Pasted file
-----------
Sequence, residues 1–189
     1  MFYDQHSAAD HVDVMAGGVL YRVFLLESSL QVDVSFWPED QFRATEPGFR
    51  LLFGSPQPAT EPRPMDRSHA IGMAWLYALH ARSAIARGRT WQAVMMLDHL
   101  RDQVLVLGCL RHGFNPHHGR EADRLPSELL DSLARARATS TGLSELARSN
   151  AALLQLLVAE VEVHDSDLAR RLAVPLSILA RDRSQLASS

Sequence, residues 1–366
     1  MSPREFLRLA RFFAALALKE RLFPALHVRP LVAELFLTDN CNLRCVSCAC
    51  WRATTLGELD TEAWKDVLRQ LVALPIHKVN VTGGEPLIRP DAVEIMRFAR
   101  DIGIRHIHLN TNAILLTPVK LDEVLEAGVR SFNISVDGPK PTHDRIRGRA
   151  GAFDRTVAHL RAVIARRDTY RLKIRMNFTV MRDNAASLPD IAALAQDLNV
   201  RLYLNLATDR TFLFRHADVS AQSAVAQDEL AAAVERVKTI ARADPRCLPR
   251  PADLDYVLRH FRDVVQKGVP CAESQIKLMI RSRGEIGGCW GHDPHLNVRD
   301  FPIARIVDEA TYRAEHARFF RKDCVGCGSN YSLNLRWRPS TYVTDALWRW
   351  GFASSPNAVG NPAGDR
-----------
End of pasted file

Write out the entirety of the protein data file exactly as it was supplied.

Sequence, residues 1–189
     1  MFYDQHSAAD HVDVMAGGVL YRVFLLESSL QVDVSFWPED QFRATEPGFR
    51  LLFGSPQPAT EPRPMDRSHA IGMAWLYALH ARSAIARGRT WQAVMMLDHL
   101  RDQVLVLGCL RHGFNPHHGR EADRLPSELL DSLARARATS TGLSELARSN
   151  AALLQLLVAE VEVHDSDLAR RLAVPLSILA RDRSQLASS

Sequence, residues 1–366
     1  MSPREFLRLA RFFAALALKE RLFPALHVRP LVAELFLTDN CNLRCVSCAC
    51  WRATTLGELD TEAWKDVLRQ LVALPIHKVN VTGGEPLIRP DAVEIMRFAR
   101  DIGIRHIHLN TNAILLTPVK LDEVLEAGVR SFNISVDGPK PTHDRIRGRA
   151  GAFDRTVAHL RAVIARRDTY RLKIRMNFTV MRDNAASLPD IAALAQDLNV
   201  RLYLNLATDR TFLFRHADVS AQSAVAQDEL AAAVERVKTI ARADPRCLPR
   251  PADLDYVLRH FRDVVQKGVP CAESQIKLMI RSRGEIGGCW GHDPHLNVRD
   301  FPIARIVDEA TYRAEHARFF RKDCVGCGSN YSLNLRWRPS TYVTDALWRW
   351  GFASSPNAVG NPAGDR